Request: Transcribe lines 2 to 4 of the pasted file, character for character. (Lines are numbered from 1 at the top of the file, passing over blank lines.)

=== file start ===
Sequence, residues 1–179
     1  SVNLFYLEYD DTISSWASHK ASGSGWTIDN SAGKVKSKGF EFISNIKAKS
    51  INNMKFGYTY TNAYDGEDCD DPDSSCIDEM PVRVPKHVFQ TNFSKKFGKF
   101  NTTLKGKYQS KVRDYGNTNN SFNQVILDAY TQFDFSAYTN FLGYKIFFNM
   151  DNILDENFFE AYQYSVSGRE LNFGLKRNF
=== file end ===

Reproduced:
     1  SVNLFYLEYD DTISSWASHK ASGSGWTIDN SAGKVKSKGF EFISNIKAKS
    51  INNMKFGYTY TNAYDGEDCD DPDSSCIDEM PVRVPKHVFQ TNFSKKFGKF
   101  NTTLKGKYQS KVRDYGNTNN SFNQVILDAY TQFDFSAYTN FLGYKIFFNM